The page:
Now is not the time to pay for things you don’t need, and that includes car insurance for an inactive vehicle. You may be thinking about how to get rid of your car policy if you own a car, you never drive, and if it makes more sense to cancel or temporarily suspend the policy.
Setting your car insurance on hold can save you money if you have an unused vehicle. But it is not as easy as stopping your Netflix subscription. Also, your options may be limited depending on why you are taking a break from driving the vehicle or if you have a car loan. If you still use the car, you will want to keep it insured to stay legally and financially protected.
If you experience financial difficulties because you lost your job or did not have a job due to any other reason, financial institutions are likely to be lenient. When it comes to your auto insurance, there are five main options to explore:
- Request a coronavirus-related payment plan or delay.
- Suspend your coverage.
- Cancel your policy.
- Reduce your coverage.
- Withdraw from a policy.
Delays or payment plans related to coronavirus
Several insurance companies are willing to work with clients who are impacted by the pandemic. Depending on your insurance company, payment assistance can take many forms:
- Pause cancellations for non-payment of premiums.
- Special payment plans, including late payments, for financial difficulties related to coronavirus.
- Personalized payment options on a case-by-case basis.
No matter who provides your car insurance coverage, the best you can do is alert the company before your bills are late.
Suspend your auto insurance coverage
Suspending coverage essentially stops your policy, but it will not be canceled. Confirm this with your insurer in advance.
Companies don’t always allow customers to suspend coverage, or can only allow coverage in times like this. If you anticipate being unemployed due to the pandemic for longer than your insurance company’s nominal grace period, then you may choose this option.
However, pausing your insurance coverage temporarily will leave you not eligible to be insured.
Only use this option if there is an alternative mode of transportation available to you. Apply and get an “affidavit of non-use” from your state’s department of motor vehicles to stop the state-required automatic coverage. This document officially informs the state that you will not be driving your car for a specific time.
Suspending your policy is probably not an option if you have a car loan. Lenders generally require you to maintain coverage for issues such as theft and vandalism.
Cancel your policy
You could consider canceling your auto insurance policy and get a new policy when you are ready to drive the car again. However, like the suspension, cancellation, probably will not work if you have a car loan. Your lender will probably want to the least some kind of insurance on the vehicle.
Contact your DMV if you are thinking of canceling. You may need to apply and get an affidavit of non-use of officially take the car out of the insurance required by the state of roads and fall.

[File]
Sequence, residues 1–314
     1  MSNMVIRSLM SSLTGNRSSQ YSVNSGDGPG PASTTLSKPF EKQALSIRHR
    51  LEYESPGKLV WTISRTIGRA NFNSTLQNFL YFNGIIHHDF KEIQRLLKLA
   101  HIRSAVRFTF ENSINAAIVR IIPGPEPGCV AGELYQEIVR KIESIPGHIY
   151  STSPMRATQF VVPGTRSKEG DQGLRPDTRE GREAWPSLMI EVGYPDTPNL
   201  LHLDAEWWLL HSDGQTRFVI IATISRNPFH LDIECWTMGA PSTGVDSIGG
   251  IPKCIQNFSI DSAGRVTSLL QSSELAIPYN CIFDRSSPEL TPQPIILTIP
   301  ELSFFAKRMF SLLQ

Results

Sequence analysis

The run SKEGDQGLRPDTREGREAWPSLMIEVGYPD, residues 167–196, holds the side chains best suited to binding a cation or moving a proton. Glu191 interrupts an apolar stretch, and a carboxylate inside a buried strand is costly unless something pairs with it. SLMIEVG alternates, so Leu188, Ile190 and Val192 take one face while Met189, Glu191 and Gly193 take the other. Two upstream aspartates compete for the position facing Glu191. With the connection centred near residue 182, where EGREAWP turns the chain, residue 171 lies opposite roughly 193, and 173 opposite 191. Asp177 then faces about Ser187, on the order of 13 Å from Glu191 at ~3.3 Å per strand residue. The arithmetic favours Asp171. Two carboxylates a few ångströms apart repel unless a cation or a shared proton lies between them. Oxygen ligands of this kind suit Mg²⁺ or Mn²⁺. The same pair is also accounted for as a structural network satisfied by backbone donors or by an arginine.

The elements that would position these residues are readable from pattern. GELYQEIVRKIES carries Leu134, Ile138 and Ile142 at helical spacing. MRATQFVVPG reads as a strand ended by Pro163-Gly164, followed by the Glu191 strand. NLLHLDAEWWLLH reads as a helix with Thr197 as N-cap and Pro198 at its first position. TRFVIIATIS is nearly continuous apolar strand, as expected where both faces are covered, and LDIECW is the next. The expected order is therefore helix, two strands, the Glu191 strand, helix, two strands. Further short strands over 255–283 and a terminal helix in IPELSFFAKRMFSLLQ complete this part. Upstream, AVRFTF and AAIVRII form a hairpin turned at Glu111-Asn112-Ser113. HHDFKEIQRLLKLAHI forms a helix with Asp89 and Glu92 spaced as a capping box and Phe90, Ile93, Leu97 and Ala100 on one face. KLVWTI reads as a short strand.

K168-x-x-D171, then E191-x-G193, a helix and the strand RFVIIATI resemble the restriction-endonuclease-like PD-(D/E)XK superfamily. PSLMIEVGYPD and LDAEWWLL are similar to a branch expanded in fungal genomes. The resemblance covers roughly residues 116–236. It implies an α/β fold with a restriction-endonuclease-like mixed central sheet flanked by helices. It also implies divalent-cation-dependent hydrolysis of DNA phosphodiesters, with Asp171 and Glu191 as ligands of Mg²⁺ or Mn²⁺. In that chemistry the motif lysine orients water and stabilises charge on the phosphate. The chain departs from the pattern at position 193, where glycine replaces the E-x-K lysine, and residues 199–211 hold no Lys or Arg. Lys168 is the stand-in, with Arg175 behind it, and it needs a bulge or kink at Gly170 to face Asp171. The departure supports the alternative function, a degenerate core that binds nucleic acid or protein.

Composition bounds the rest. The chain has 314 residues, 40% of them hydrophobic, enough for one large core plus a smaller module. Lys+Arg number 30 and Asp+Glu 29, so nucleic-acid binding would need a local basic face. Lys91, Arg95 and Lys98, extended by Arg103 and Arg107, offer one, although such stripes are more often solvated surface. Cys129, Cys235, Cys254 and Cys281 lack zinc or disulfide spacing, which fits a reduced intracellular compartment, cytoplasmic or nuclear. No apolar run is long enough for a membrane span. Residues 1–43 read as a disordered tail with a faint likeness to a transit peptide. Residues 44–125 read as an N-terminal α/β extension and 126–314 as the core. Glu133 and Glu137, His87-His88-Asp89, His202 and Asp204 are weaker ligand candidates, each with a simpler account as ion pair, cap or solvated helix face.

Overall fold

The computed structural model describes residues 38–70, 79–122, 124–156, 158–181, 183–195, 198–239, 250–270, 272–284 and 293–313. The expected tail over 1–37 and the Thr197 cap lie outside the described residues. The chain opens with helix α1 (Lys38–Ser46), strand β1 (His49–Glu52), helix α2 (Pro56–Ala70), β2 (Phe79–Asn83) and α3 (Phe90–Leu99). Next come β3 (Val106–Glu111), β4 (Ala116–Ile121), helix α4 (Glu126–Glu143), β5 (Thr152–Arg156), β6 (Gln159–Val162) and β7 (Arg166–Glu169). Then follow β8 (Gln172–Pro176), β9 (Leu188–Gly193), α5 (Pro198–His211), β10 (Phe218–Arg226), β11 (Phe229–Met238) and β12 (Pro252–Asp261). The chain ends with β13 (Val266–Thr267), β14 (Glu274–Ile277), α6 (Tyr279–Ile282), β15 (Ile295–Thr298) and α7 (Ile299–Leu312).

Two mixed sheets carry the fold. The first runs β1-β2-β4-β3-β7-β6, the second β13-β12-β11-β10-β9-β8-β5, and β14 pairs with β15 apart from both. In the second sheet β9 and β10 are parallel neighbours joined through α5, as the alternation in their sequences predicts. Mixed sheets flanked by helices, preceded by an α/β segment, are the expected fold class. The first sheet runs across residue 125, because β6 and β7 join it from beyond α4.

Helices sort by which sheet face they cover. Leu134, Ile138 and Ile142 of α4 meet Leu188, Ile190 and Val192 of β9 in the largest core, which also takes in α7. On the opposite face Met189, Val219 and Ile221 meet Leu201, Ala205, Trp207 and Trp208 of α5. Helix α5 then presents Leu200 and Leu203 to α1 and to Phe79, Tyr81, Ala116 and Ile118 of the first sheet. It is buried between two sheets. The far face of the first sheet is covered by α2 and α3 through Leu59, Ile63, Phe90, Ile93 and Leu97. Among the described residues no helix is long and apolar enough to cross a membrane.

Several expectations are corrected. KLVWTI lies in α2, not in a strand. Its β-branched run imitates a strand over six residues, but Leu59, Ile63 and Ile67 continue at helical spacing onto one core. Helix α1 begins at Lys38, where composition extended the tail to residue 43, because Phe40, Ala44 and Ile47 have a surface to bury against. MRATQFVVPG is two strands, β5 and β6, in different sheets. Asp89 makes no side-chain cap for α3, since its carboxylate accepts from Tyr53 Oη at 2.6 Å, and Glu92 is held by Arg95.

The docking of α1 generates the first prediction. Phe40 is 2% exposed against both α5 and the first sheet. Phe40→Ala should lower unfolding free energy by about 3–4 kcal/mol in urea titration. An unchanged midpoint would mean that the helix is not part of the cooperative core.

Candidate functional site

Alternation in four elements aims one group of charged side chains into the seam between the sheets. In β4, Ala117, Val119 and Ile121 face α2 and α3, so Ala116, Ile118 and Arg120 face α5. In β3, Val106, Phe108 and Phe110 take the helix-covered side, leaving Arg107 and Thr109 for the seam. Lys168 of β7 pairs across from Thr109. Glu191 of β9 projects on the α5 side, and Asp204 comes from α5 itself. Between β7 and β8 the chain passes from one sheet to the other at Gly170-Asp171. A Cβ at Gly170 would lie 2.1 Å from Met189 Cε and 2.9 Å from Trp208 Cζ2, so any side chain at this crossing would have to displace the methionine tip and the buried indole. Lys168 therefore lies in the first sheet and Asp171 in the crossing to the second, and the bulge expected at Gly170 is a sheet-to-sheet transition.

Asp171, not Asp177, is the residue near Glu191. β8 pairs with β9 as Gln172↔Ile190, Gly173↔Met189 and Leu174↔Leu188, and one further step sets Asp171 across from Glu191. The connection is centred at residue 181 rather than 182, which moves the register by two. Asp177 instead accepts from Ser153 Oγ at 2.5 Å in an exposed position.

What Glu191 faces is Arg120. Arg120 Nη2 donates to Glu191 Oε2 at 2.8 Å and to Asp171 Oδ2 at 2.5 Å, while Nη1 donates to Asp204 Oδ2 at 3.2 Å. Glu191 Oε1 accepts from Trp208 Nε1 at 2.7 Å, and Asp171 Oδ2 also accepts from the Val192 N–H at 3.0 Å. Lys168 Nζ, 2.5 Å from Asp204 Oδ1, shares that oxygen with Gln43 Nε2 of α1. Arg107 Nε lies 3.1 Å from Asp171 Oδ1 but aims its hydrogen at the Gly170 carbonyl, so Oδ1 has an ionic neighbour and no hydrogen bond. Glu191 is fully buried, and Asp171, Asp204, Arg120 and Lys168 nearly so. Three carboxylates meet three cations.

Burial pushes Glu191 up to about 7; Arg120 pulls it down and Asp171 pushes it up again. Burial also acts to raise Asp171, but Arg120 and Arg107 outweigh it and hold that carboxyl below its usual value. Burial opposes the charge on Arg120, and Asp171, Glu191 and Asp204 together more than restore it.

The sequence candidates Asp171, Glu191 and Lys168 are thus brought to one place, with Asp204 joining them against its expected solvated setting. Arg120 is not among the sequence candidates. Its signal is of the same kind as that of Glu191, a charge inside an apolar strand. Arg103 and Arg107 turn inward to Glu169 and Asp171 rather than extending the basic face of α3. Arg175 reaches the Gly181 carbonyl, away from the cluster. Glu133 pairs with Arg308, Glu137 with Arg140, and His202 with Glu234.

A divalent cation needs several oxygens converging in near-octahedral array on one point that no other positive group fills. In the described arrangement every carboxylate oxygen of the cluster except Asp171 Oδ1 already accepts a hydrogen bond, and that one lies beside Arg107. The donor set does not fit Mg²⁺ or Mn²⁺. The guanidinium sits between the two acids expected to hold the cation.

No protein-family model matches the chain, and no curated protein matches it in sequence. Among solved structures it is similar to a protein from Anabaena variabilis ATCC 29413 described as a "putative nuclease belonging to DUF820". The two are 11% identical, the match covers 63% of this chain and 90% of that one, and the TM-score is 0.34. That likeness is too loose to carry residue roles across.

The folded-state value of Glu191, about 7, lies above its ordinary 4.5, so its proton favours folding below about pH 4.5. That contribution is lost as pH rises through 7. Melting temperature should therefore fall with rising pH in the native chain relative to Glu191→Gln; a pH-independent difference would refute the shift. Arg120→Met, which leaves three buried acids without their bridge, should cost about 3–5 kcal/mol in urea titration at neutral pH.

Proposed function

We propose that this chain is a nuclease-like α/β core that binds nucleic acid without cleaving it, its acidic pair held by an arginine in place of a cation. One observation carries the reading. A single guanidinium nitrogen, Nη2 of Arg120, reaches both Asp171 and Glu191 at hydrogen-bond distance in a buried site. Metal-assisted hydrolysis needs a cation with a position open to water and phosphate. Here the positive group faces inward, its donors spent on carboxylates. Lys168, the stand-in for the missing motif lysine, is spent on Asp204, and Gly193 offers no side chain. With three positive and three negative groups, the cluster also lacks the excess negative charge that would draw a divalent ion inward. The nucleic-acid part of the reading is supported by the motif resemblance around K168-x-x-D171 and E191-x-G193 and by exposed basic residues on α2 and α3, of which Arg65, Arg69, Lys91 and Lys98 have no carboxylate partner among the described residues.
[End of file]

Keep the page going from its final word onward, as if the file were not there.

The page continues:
The most important disadvantage of cancellation is that it creates a gap in your insurance record. Customers who are continuously insured are the ones generally get better rates than drivers who have coverage gaps, which are generally called “high-risk drivers.”
Cutback your coverage
Reduction of coverage is a good alternative if you are not eligible for suspension and do not want to cancel your policy.
For starters, you can reduce your car insurance coverage required by your state. Almost all states require liability insurance, and others require coverage of uninsured/underinsured motorist, personal injury protection, and/or medical payments coverage.
Consider keeping insurance (or adding) if you are storing the vehicle while not driving, if damaged while stored. Full pay to replace your car in case of theft and issues such as vandalism and damage coverage does not lead to falling objects.
Generally, you must purchase comprehensive coverage along with collision coverage, but your insurer may make an exception and allow you to maintain a comprehensive policy, sometimes known as “car storage insurance,” if you are storing your car long-term. If you have an auto loan, your lender may require you to maintain comprehensive and collision coverage.
If your insurance company keeps you comprehensive coverage and drop everything else, including liability insurance, contact your DMV. You may have to apply and get an affidavit of no use because your car would no longer be safe enough for anyone to legally drive.
Withdrawing your policy
Instead of changing your coverage, you may temporarily withdraw from an insurance policy family car. This option is worth exploring if you are leaving, but others in your home will be driving the car. This option can save you money
if you are a riskier driver than the others on your policy because retiring reduces the chances of a crash. However, if it will not save you money, it is of little benefit to retire, and it is probably more convenient to stay in politics. If you do not leave and continue to live with other drivers insured on the policy, this may not be an option. Many companies require that all drivers listed at the same address be included in a policy or are specifically excluded otherwise.
Withdrawing from politics is not the same as being an excluded driver. If you just don’t figure it out in politics, you can still drive the car. Excluded drivers are not supposed to drive the car, and they can be required to demonstrate that they have other insurance to be excluded.
There is no insurance company or insurance option that works best for everyone. If you choose to keep your coverage, solid payment history should help you get competitive prices in the future.